15. 15. <ul><li>How many states, in the U.S., measure students ability to read search engine results on state reading assessments? </li></ul><ul><ul><li>10 </li></ul></ul><ul><ul><li>15 </li></ul></ul><ul><ul><li>0 </li></ul></ul><ul><ul><li>2 </li></ul></ul>0! Not a single state.
    16. 16. <ul><li>How many states, in the U.S., permit the use of word processors on state writing assessments for any student who wishes to do so. </li></ul><ul><ul><li>1 </li></ul></ul><ul><ul><li>5 </li></ul></ul><ul><ul><li>24 </li></ul></ul><ul><ul><li>0 </li></ul></ul>0!
    17. 17. <ul><li>How many states assess online reading comprehension in their state reading assessment? </li></ul><ul><ul><li>0 </li></ul></ul><ul><ul><li>2 </li></ul></ul><ul><ul><li>5 </li></ul></ul><ul><ul><li>8 </li></ul></ul>0!
    18. 18. What Can We Conclude? <ul><li>The Internet is this generation’s defining technology for reading. </li></ul><ul><li>We should connect students in the U.S. with other students around the world. </li></ul><ul><li>We have a very special opportunity to prepare a new generation of globalized citizens. </li></ul>
    19. 19. Why is This Important? The Workplace Has Changed <ul><ul><ul><li>Recent productivity gains are due to using the Internet to share information, communicate, and solve problems (van Ark, Inklaar, & McGuckin, 2003; Friedman, 2005; Matteucci, O’Mahony, Robinson, & Zwick, 2005). </li></ul></ul></ul>This generation’s defining technology for reading.
    20. 20. OECD Assessment Initiatives <ul><li>2009 PISA International Assessment of Reading – Digital Literacies </li></ul><ul><li>Programme for the International Assessment of Adult Competencies (PIAAC) – Problem Solving in Technologically Rich Evironments </li></ul>This generation’s defining technology for reading.
    21. 21. II. New Literacies: The Internet Requires Additional Online Reading Comprehension Skills
    22. 22. A central question: What skills and strategies appear to be important for successful online reading comprehension? <ul><li>Reading to Define a Problem </li></ul><ul><li>Reading to Locate Information </li></ul><ul><li>Reading to Evaluate Information </li></ul><ul><li>Reading to Synthesize Information </li></ul><ul><li>Reading and Writing to Communicate Information </li></ul>The new literacies of online reading comprehension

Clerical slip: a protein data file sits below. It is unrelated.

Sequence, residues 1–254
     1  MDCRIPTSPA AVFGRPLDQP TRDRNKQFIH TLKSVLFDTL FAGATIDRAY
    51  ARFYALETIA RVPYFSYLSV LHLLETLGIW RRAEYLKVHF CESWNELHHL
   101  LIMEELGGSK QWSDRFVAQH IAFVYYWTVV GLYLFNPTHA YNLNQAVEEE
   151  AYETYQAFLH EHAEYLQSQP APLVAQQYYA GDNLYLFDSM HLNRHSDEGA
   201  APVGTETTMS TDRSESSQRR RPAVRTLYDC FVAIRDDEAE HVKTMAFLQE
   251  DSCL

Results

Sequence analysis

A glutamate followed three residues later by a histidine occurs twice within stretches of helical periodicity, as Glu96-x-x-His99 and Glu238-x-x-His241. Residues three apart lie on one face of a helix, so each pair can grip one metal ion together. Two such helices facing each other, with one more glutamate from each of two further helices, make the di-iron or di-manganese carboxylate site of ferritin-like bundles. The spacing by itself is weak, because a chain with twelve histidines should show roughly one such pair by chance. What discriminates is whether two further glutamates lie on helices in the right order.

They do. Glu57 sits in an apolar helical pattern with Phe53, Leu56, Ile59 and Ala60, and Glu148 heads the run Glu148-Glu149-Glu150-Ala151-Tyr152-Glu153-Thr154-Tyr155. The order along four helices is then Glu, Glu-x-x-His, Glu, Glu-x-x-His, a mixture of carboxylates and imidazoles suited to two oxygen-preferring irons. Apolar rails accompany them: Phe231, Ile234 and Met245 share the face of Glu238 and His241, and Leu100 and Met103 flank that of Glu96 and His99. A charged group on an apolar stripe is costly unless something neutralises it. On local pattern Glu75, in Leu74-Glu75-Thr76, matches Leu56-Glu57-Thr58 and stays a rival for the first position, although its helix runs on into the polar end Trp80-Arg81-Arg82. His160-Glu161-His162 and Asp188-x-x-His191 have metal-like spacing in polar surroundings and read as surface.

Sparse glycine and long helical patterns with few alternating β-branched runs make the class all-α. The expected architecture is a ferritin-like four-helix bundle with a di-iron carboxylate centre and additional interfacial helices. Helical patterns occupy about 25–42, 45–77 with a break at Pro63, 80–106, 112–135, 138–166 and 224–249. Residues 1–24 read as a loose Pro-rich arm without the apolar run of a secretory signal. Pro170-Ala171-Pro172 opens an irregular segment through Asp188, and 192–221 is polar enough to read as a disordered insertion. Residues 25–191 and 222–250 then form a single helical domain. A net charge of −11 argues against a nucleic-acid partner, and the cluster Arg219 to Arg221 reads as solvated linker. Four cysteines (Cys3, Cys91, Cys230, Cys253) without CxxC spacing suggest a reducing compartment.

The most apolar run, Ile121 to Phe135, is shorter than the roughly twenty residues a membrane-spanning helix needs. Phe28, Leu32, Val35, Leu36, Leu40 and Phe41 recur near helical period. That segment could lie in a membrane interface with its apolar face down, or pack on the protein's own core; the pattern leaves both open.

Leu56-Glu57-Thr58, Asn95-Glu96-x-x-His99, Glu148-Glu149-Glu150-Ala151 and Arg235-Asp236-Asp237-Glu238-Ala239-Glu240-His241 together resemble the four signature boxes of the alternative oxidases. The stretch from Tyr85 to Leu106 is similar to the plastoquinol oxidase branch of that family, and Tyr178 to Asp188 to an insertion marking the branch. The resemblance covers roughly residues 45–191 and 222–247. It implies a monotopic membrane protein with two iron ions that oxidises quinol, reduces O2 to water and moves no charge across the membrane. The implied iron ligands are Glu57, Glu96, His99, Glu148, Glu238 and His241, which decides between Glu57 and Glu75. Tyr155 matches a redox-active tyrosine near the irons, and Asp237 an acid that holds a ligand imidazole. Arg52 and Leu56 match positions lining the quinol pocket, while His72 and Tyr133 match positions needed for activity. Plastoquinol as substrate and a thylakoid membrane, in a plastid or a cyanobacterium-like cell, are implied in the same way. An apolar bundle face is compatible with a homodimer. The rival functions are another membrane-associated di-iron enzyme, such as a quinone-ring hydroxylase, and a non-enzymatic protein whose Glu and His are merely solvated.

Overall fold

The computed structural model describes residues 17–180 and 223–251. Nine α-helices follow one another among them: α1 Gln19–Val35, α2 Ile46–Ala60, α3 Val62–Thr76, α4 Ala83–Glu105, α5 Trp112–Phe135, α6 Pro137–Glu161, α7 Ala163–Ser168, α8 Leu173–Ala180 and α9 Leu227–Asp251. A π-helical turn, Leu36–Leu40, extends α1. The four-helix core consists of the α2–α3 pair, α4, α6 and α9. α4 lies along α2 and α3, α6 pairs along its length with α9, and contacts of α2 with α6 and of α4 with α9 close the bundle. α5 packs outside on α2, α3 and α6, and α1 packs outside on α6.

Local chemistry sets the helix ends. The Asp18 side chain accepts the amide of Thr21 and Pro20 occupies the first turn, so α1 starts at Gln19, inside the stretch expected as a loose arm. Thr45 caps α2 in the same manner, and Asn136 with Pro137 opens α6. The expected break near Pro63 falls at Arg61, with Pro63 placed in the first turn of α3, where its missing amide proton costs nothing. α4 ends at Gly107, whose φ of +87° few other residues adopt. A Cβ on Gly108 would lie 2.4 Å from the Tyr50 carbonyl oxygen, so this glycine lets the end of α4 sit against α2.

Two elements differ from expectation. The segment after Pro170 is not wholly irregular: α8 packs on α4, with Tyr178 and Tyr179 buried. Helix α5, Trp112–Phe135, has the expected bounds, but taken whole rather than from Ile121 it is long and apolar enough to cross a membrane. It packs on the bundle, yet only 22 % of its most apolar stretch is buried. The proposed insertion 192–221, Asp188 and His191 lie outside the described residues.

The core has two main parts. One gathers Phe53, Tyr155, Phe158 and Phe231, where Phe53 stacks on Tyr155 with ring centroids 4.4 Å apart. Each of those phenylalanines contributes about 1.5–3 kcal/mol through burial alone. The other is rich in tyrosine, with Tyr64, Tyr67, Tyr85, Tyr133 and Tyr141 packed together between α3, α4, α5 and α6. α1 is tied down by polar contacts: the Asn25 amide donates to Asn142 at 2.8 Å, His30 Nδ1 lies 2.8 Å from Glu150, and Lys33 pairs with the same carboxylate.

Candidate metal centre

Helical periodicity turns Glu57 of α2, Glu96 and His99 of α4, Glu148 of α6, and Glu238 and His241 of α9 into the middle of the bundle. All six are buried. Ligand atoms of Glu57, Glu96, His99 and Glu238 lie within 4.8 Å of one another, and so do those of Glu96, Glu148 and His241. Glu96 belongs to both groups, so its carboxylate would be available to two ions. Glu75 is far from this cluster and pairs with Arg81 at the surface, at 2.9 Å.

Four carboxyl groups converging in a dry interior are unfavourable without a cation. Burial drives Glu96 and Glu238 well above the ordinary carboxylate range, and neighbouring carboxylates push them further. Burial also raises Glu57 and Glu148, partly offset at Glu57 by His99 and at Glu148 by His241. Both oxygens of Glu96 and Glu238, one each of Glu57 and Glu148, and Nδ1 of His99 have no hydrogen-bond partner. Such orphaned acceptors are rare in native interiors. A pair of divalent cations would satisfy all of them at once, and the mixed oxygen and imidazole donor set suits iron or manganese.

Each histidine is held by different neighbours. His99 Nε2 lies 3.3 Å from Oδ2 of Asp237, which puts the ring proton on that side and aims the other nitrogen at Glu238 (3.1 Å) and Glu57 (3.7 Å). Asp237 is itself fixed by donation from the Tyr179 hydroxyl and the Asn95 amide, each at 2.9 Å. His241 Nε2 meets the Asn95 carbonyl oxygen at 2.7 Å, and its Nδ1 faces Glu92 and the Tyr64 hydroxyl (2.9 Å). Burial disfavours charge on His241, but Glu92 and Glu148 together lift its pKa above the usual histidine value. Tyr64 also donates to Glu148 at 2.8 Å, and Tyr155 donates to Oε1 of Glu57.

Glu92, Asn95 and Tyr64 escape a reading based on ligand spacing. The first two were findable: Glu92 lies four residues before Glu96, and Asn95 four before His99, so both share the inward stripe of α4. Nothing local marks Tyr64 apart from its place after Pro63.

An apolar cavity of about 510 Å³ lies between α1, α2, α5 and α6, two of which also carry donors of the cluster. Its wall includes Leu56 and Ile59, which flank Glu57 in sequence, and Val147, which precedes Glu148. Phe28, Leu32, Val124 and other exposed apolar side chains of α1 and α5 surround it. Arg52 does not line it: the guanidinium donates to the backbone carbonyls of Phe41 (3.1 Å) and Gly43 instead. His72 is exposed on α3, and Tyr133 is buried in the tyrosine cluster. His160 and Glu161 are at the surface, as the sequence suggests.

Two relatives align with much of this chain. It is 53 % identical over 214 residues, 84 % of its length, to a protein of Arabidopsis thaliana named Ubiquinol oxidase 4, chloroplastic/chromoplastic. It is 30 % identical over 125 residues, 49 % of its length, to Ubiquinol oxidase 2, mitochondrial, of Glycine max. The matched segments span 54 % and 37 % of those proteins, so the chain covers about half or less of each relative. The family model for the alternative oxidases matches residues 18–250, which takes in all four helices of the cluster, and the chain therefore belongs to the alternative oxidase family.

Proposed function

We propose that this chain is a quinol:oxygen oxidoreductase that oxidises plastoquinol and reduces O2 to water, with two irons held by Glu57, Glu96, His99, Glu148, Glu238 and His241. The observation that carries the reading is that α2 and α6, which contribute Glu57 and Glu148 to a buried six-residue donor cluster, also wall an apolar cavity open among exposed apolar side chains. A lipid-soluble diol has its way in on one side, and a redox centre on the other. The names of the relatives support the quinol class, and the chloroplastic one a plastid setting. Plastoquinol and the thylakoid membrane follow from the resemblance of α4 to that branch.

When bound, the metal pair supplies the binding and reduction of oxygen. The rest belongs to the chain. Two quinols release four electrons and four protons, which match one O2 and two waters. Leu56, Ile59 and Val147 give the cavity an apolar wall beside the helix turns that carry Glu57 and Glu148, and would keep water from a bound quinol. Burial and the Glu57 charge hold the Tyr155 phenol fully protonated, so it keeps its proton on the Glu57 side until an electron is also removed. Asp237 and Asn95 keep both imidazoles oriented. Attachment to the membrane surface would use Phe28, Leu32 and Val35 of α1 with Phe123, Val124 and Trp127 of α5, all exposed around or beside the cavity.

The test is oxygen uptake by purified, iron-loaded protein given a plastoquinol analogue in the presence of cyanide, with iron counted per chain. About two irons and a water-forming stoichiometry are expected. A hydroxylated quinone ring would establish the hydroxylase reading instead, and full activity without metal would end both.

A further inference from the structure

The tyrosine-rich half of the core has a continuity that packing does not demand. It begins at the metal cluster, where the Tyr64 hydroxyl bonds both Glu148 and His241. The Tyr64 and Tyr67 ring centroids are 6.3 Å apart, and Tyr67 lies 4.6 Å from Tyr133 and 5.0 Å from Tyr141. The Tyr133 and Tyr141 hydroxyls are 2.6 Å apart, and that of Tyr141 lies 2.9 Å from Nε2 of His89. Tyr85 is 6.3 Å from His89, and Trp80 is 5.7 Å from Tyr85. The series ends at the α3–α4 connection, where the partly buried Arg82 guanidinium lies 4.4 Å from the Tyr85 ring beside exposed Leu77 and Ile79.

23. 23. A Preliminary Model
    24. 24. Valid And Reliable Assessments of Online Reading Comprehension (ORCAs) (Castek, 2008; Coiro, 2007; Henry, 2007; Leu et al., 2005; Leu, Reinking, et. al, 2007). Issues: Practicality and Stability
    25. 25. Online and Offline Reading Comprehension May Not Be Isomorphic (r=0.19, n = 89, N.S.) Leu, D. Castek, J., Hartman, D., Coiro, J., Henry, L., Kulikowich, J., Lyver, S. (2005). Online Reading Comprehension = ORCA Blog Offline Reading = Connecticut Mastery Test (CMT) of Reading Comprehension
    26. 26. Challenged Readers <ul><li>Some challenged readers read better online than high performing offline readers (Castek, et. al, in press; Coiro, 2007). </li></ul><ul><li>Why? (case study evidence) </li></ul><ul><ul><li>Read online at home each day. </li></ul></ul><ul><ul><li>Excellent locating skills </li></ul></ul><ul><ul><li>Shorter units of text reduces fluency issues </li></ul></ul><ul><ul><li>Online readers choose texts; greater engagement </li></ul></ul><ul><ul><li>Web pages are graphic images, a strong suit </li></ul></ul>
    27. 27. We Have a Preliminary Set of the Skills And Strategies Used During Online Reading Comprehension <ul><li>A taxonomy of online reading comprehension skills is emerging from an analysis of think-aloud, verbal protocols by skilled online readers (Leu, Reinking, et al., 2007). </li></ul>
    28. 28. An Example of Online Reading Comprehension Reading About Martin Luther King The new literacies of online reading comprehension
    29. 32. Our students are not skilled at reading to locate information or critically evaluating information